Hoping to give new momentum to its “faith-based” initiative, the White House last month issued a report claiming that in 2003, $1.17 billion in federal funds went to groups with religious affiliations.
The report, issued early in January, detailed grants doled out by five federal agencies. According to the tally, about 8 percent of the $14.5 billion spent on social programs in 2003 ended up in the hands of religious organizations.
Critics of the initiative said the White House report was designed to encourage state officials to give support to religious agencies by highlighting federal practices.
The report is useful because it provides some specific details about the faith-based initiative. Although Bush and his supporters often portray the initiative as a revolutionary approach, it turns out that most of the religious groups getting money under the program have been doing so for years.
Many of these organizations, such as Roman Catholic, Lutheran and Jewish relief agencies, generally provide secular services to all of those in need and do not proselytize or discriminate in hiring.
In Florida, for example, the report noted that Lutheran Social Services of Northeast Florida received $1 million in 2003 to help political refugees. Karen Rieley, an official with the group, said the organization does not try to convert anyone.
“We provide services as Christians, not for the purpose of conversion,” Rieley told the Associated Press.
In Florida, the news service noted, most of the money was given to continue existing projects by religious groups. Many of these programs are many years old, pre-dating the Bush initiative.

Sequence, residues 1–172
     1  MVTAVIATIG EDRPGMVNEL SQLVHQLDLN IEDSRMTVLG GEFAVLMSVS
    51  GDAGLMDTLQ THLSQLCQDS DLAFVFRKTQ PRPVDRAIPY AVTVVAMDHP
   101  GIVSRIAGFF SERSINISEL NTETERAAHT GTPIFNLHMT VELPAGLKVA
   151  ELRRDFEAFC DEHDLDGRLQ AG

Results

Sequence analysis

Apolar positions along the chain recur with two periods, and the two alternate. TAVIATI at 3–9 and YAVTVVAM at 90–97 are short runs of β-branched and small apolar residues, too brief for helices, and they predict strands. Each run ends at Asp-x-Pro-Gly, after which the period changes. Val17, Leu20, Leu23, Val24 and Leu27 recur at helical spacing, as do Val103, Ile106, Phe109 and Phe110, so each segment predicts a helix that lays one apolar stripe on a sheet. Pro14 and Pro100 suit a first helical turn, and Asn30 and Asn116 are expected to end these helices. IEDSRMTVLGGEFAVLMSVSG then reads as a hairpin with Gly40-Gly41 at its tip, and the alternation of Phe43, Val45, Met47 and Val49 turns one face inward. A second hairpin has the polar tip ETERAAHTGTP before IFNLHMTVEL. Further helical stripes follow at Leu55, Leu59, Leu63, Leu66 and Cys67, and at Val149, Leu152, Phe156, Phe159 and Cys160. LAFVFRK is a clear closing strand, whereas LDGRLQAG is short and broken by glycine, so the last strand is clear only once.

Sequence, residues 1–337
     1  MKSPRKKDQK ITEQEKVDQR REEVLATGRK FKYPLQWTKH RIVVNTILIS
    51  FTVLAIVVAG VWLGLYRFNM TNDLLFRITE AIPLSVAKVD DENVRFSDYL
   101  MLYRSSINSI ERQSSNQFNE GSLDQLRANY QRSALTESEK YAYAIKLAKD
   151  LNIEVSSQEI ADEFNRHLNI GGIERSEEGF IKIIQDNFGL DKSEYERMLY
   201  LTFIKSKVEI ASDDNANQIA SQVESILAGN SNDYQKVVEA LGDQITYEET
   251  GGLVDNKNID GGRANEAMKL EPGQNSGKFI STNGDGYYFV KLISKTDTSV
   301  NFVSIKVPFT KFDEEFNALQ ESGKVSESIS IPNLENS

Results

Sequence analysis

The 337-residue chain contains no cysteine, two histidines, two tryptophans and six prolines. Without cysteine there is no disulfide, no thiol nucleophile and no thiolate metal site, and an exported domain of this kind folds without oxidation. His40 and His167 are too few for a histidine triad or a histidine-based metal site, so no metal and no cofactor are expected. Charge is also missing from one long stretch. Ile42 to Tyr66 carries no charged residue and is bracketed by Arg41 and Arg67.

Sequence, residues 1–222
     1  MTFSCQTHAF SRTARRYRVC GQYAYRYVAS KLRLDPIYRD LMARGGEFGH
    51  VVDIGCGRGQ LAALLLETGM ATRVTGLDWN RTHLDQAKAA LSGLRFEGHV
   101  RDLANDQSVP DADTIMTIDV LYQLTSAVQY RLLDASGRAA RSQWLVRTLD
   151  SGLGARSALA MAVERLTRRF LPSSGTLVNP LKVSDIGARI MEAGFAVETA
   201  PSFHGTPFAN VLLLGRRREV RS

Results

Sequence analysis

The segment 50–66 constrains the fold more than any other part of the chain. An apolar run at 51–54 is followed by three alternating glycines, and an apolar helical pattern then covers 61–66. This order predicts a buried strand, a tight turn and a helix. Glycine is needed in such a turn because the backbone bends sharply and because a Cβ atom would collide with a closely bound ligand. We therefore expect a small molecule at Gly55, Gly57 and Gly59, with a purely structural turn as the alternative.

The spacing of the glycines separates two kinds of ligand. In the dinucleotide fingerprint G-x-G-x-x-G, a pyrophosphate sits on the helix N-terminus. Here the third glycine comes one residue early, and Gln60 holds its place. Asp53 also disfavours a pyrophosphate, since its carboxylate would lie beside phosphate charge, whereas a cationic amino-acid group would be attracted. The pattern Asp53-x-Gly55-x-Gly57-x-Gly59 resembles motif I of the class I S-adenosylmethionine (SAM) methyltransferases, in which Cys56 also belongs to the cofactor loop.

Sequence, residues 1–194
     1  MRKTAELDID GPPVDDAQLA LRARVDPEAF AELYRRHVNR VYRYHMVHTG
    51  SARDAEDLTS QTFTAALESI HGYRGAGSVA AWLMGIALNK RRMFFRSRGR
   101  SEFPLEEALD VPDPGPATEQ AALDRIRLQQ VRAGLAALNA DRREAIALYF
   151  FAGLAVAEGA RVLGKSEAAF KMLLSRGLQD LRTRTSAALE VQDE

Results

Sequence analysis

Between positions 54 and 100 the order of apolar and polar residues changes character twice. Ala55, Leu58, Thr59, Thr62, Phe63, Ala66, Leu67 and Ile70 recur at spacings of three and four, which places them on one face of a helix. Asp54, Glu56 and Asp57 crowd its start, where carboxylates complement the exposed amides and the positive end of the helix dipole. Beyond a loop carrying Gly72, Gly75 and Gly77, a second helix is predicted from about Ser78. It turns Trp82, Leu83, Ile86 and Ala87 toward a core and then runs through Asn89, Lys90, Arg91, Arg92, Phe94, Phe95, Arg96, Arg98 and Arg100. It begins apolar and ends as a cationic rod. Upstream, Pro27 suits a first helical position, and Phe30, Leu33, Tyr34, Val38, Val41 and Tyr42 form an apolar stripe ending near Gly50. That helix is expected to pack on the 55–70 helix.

An analysis by the AP found that was the model nationwide. Most of the money, AP correspondent Laura Meckler reported, went to “well-established, large social service providers that have received federal money for decades.”
Furthermore, the $1.17 billion figure is somewhat deceptive because it includes two expensive federal programs that account for half of that figure: a program run by the Department of Housing and Urban Development that pays for housing for low-income people, and Head Start, a popular pre-school effort for low-income families. While Head Start is sometimes sited at houses of worship, it is not a religious program.
Even more curiously, the AP found that some of the groups listed as “faith-based” in the report denied that they even have a religious component. White House staffers apparently went through lists of grant awardees and singled out any with a name that sounded faith-based.
The list, however, did include some grants that staffers at Americans United say could be troubling. In Missouri, the financial services arm of the Assemblies of God, an aggressively evangelistic denomination (that counts outgoing Attorney General John Ashcroft as a member), received $1 million from the Department of Health and Human Services through a program called “Assets for Independence.”
The list was also rife with small grants made directly to churches. In Arizona, for example, the Church of the Beatitudes received $225,000 from Health and Human Services for “ethnic community organizations.” In Louisiana, a Baptist church in New Orleans received $374,250 from the Department of Education to run “community technology centers.” Barring direct oversight, it’s not possible to know if there is significant sectarian content in these programs.
The list also shows numerous grants to the Salvation Army, an evangelical Christian denomination noted for evangelism as well as social work.
Many grants are also listed for “abstinence-only” sex education programs, which critics say are often rife with sectarian content and medical inaccuracies.